Why 2010 Will Define Kirk Ferentz's Career at Iowa

Kevin TrahanAnalyst IJuly 4, 2010

MIAMI GARDENS, FL - JANUARY 05:  Head coach Kirk Ferentz of the Iowa Hawkeyes looks on during warm ups against the Georgia Tech Yellow Jackets during the FedEx Orange Bowl at Land Shark Stadium on January 5, 2010 in Miami Gardens, Florida.  (Photo by Streeter Lecka/Getty Images)
Streeter Lecka/Getty Images

Since the decade began, Iowa has been known as the team that exceeds low expectations.

During the early part of the decade, the Hawkeyes reached three consecutive January bowls - the Orange, Outback, and Capital One - in 2002, 2003, and 2004, respectively.

The team flew under the radar during the 2003 and 2004 offseasons, as many figured "they can't do it again."

But after an impressive 2004 campaign and a stunning last-second victory against LSU in the 2005 Capital One Bowl, the rest of the country realized what only Iowans had known the previous few years; Iowa is a legitimate national contender.

So in 2005, Iowa emerged from under the radar to a team filled with preseason hype. And why not? Quarterback Drew Tate was returning after a stellar sophomore campaign in 2004 and Iowa had proven itself three years in a row.

For the first time in his career, Kirk Ferentz's team had to handle high expectations. And in the end, the Hawkeyes failed miserably.

Iowa finished a measly 7-5 in 2005, including a loss to Florida in the Outback Bowl.

While 7-5 is far from a failure for most teams, it's an utter disappointment for a team coming off a 10-2 season - especially for a team with as much preseason hype as the 2005 Hawkeyes.

The down year in 2005 led to two more disappointing seasons, as Iowa finished with a combined 12-13 record over the next two seasons. Ferentz even failed to make a bowl game in 2007; his first time spending the holidays at home since 2000.

But in 2008, Iowa began to rebound. After a shaky start, Iowa finished 9-4, including an upset win against No. 3 Penn State that reversed the Hawkeyes' trend of dropping close games. Plus, a year removed from any sort of bowl, Iowa handily defeated South Carolina 31-10 in the Outback Bowl.

After largely flying under the radar in the 2009 offseason, the Hawkeyes exceeded expectations again, finishing 2009 with an 11-2 record, including a solid 24-14 win against Georgia Tech in the Orange Bowl.

Now, with an experienced offense and possibly the nation's best defense returning, high expectations and preseason hype return to Iowa City.

And this time, Ferentz needs to live up to the hype.

As much as Iowa fans love their coach, Ferentz has yet to bring his team to greatness. Don't get me wrong, he has been a solid coach for Iowa. But he hasn't been able to win under the microscope.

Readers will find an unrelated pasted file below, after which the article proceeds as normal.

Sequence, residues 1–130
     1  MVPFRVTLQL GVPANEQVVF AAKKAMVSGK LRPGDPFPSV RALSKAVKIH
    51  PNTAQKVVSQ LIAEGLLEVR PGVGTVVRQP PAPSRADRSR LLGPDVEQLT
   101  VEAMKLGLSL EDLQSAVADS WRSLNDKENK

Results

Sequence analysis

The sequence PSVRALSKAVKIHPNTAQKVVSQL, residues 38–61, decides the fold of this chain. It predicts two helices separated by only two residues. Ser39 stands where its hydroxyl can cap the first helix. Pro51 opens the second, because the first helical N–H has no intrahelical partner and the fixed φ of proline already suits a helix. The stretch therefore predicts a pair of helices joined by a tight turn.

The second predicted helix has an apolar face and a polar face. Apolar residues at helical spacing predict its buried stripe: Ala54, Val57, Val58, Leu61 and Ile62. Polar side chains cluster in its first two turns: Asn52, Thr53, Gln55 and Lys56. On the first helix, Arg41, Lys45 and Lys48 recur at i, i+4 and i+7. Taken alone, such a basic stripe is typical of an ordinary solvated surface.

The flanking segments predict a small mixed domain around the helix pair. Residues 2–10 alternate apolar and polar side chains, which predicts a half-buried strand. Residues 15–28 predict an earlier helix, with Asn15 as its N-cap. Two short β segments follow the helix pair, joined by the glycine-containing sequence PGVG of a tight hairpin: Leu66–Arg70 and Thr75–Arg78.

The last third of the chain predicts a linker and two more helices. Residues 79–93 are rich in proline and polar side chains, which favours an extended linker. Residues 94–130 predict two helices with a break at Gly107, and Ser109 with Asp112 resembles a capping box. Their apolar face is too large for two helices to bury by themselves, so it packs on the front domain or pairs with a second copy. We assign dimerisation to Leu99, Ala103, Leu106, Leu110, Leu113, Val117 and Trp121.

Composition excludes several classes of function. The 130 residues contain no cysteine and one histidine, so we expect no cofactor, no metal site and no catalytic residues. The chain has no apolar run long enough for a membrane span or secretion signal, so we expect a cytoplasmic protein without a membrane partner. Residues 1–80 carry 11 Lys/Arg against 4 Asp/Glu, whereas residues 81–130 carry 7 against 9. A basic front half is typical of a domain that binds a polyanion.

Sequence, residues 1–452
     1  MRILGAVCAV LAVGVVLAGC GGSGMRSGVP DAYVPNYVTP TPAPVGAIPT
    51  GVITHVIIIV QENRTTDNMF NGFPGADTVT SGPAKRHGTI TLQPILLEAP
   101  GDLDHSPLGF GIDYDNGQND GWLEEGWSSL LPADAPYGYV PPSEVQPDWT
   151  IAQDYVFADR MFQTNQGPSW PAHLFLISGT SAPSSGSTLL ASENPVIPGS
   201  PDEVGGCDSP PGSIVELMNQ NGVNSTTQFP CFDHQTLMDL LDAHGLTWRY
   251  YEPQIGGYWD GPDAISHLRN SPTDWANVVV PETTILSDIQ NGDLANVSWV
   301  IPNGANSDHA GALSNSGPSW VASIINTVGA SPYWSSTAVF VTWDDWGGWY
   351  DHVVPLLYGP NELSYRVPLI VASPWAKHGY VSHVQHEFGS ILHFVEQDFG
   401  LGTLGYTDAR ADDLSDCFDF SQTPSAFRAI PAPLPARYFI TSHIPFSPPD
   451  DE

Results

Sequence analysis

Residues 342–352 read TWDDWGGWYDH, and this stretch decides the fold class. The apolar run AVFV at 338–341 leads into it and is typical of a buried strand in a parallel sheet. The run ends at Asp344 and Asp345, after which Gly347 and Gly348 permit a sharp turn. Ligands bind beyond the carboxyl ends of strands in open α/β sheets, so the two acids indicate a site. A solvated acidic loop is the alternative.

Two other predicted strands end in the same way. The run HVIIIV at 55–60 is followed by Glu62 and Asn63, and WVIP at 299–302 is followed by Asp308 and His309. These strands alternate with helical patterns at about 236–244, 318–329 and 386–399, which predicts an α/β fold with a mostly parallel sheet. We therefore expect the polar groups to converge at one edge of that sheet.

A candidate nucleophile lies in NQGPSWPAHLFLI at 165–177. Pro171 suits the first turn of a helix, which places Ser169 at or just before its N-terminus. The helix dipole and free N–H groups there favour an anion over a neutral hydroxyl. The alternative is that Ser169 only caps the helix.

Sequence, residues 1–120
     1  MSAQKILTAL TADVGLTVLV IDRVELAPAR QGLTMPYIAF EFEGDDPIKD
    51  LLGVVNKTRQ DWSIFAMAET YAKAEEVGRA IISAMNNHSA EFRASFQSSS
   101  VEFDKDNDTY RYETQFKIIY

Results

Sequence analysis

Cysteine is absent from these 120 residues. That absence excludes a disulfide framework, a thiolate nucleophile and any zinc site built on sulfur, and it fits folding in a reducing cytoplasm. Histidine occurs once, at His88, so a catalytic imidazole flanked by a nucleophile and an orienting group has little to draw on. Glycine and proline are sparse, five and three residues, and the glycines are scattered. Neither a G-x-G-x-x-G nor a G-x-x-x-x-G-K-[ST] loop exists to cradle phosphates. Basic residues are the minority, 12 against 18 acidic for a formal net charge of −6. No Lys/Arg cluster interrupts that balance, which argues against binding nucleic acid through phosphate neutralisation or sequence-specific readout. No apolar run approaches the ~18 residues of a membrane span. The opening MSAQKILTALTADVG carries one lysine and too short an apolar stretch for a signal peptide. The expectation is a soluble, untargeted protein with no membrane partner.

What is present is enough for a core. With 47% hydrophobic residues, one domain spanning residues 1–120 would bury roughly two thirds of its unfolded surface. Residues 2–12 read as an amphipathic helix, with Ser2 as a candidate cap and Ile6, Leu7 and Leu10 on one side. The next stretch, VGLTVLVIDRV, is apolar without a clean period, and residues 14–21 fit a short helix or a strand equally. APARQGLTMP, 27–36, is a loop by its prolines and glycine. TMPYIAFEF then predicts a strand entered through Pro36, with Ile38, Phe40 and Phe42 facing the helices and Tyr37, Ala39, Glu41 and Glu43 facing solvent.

It's easy to be good when you have low expectations, but the truly great coaches can win when they are the team to beat.

So how can Ferentz avoid another 2005?

First, he can't afford an early season letdown.

Iowa had problems with starting slow during its good seasons as well. This year, the Hawkeyes must travel to Arizona in a potential trap game, one that is eerily similar to Iowa's last visit to the desert - a 44-7 thrashing to Arizona State.

Don't expect the same kind of letdown in 2010, as this year's team is much more experienced. But Ferentz can't allow his team to look past a night game in Tuscon.

As a whole, the 2010 schedule sets up nice for Iowa. The Hawkeyes beat Penn State, Wisconsin, and Michigan State all on the road last season, and this year's more experienced team should be fine, as all of those teams come to Kinnick.

But one conference game looks the most daunting for Ferentz and company.

Just like in 2005, Ohio State visits Iowa City. And just like 2005, there is a possibility that the Buckeyes could be No. 1 in the country heading into Nov. 20. Iowa, too, could be ranked very high for this game; possibly undefeated and higher than its No. 15 ranking in 2005.

But unlike 2005, Ferentz needs to find a way to win for his legacy to be complete.

My colleague Bret Feddern suggested that OSU coach Jim Tressel is Ferentz's arch-nemesis, considering Iowa has defeated Ohio State only once since Ferentz became head coach.

This game will be the most important of Ferentz's career, not only because a win could mean a Big Ten Championship and a National Championship or Rose Bowl berth, but because a win would prove that Iowa can beat the best under high expectations.

A loss wouldn't be the end of the world. In fact, it could still lead to a Rose Bowl berth. But for Ferentz to solidify himself as the best coach in Iowa history and one of the top coaches in college football, he needs to put together the best performance of his coaching career.

Iowa fans - unrealistic as they may be - expect nothing less than a National Championship.

If Ferentz can produce his program's first national title since 1959, then he has solidified his legacy in Iowa City. But if not, he may become the solid coach who couldn't quite achieve greatness.


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